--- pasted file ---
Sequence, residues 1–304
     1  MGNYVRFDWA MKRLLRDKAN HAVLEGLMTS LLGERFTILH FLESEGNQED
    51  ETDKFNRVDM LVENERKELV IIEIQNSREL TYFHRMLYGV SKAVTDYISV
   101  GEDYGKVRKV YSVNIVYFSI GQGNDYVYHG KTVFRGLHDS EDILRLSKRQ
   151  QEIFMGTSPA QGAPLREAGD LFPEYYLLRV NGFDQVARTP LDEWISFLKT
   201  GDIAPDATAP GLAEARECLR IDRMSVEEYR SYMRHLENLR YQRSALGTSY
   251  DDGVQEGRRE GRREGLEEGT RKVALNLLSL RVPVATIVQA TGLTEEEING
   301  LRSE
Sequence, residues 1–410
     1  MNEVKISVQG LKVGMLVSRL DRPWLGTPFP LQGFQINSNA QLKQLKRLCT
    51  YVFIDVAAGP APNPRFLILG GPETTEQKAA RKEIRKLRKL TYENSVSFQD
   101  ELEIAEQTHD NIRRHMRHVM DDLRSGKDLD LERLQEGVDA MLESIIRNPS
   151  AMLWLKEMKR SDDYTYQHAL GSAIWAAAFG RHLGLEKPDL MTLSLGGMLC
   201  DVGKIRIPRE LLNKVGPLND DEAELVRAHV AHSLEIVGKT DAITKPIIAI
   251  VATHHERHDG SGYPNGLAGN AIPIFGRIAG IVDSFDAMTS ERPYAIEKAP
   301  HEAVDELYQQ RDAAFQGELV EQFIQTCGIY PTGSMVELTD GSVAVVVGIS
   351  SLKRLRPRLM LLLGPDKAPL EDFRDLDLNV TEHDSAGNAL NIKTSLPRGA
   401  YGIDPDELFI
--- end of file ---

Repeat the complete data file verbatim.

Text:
Sequence, residues 1–304
     1  MGNYVRFDWA MKRLLRDKAN HAVLEGLMTS LLGERFTILH FLESEGNQED
    51  ETDKFNRVDM LVENERKELV IIEIQNSREL TYFHRMLYGV SKAVTDYISV
   101  GEDYGKVRKV YSVNIVYFSI GQGNDYVYHG KTVFRGLHDS EDILRLSKRQ
   151  QEIFMGTSPA QGAPLREAGD LFPEYYLLRV NGFDQVARTP LDEWISFLKT
   201  GDIAPDATAP GLAEARECLR IDRMSVEEYR SYMRHLENLR YQRSALGTSY
   251  DDGVQEGRRE GRREGLEEGT RKVALNLLSL RVPVATIVQA TGLTEEEING
   301  LRSE
Sequence, residues 1–410
     1  MNEVKISVQG LKVGMLVSRL DRPWLGTPFP LQGFQINSNA QLKQLKRLCT
    51  YVFIDVAAGP APNPRFLILG GPETTEQKAA RKEIRKLRKL TYENSVSFQD
   101  ELEIAEQTHD NIRRHMRHVM DDLRSGKDLD LERLQEGVDA MLESIIRNPS
   151  AMLWLKEMKR SDDYTYQHAL GSAIWAAAFG RHLGLEKPDL MTLSLGGMLC
   201  DVGKIRIPRE LLNKVGPLND DEAELVRAHV AHSLEIVGKT DAITKPIIAI
   251  VATHHERHDG SGYPNGLAGN AIPIFGRIAG IVDSFDAMTS ERPYAIEKAP
   301  HEAVDELYQQ RDAAFQGELV EQFIQTCGIY PTGSMVELTD GSVAVVVGIS
   351  SLKRLRPRLM LLLGPDKAPL EDFRDLDLNV TEHDSAGNAL NIKTSLPRGA
   401  YGIDPDELFI